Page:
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Afghan Civilians Killed After Attack On U.S. Convoy

March 4, 2007 -- Sixteen Afghans were reported killed and 25 wounded when a U.S. convoy was attacked by a suicide car bomber and troops returned fire.

Hundreds of locals reportedly gathered to protest the killings, which took place near the eastern city of Jalalabad.

A spokesman for the Nangarhar Province governor's office told AP that some Afghans were killed or wounded after U.S. soldiers opened fire after the bombing.

A U.S. military spokesman, Major William Mitchell, described the initial attack as a "complex ambush" that involved militants firing on the convoy from three different points.

"We certainly believe it's possible that the incoming fire from the ambush was wholly or partly responsible for the civilian casualties," AP quoted Mitchell as saying.

The U.S. soldiers were part of the U.S.-led coalition and not NATO's International Security Assistance Force, according to the agency. One U.S. soldier was reported injured.

AP also reported that U.S. soldiers deleted photographs taken at the scene by a freelance photographer working for the news agency. Video shot by a second freelancer working for AP Television News was also reportedly deleted. Neither of the freelancers had witnessed the initial suicide attack or the ensuing gunfire. The U.S. military did not immediately comment on the matter, according to the agency.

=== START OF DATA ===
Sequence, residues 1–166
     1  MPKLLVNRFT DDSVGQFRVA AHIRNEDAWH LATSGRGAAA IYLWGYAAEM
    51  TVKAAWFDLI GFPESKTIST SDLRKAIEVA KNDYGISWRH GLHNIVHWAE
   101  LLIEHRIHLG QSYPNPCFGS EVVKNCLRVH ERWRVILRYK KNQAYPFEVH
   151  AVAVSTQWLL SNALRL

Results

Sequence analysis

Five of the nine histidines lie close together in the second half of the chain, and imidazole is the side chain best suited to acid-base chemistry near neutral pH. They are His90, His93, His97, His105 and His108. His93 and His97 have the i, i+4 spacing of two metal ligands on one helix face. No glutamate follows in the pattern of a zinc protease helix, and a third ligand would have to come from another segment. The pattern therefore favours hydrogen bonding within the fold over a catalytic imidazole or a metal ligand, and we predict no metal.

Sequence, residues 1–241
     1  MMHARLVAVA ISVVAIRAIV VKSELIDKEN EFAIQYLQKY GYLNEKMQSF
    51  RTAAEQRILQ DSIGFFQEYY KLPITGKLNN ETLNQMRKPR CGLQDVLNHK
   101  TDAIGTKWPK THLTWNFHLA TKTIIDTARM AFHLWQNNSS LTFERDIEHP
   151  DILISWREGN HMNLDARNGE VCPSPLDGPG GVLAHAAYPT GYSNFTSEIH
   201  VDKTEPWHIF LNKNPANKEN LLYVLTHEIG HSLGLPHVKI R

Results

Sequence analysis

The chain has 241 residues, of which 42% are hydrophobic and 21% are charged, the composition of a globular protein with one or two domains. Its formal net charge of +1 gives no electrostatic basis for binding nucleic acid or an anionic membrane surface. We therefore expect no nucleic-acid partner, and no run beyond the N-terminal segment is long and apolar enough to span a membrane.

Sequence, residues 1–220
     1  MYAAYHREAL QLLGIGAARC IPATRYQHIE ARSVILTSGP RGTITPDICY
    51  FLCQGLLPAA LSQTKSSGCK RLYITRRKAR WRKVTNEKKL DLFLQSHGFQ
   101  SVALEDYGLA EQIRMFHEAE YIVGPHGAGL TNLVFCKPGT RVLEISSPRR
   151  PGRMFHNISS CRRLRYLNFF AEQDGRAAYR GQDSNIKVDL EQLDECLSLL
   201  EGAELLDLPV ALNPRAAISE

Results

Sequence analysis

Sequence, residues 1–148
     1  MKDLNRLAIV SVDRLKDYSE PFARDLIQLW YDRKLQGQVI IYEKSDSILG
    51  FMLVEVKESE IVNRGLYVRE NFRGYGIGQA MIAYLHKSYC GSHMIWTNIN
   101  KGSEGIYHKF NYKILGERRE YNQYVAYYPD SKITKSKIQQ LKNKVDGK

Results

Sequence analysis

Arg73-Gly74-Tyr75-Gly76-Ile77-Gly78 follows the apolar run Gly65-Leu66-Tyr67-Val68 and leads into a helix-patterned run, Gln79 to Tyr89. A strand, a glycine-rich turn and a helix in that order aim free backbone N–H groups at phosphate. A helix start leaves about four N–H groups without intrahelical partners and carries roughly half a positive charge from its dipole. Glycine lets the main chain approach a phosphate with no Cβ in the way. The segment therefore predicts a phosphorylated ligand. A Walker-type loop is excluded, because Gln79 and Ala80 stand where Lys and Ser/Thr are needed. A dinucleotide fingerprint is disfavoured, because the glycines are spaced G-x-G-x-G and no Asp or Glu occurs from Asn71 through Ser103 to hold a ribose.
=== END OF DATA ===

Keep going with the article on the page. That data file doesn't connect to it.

ISAF Casualties

Meanwhile, the NATO-led International Security Assistance Force said two of its soldiers were killed in combat in southern Afghanistan on March 3.

It did not identify the nationalities of the soldiers or say where the violence happened.

(Reuters, AFP, AP)

Copyright (c) 2007. RFE/RL, Inc. Reprinted with the permission of Radio Free Europe/Radio Liberty, 1201 Connecticut Ave., N.W. Washington DC 20036. www.rferl.org



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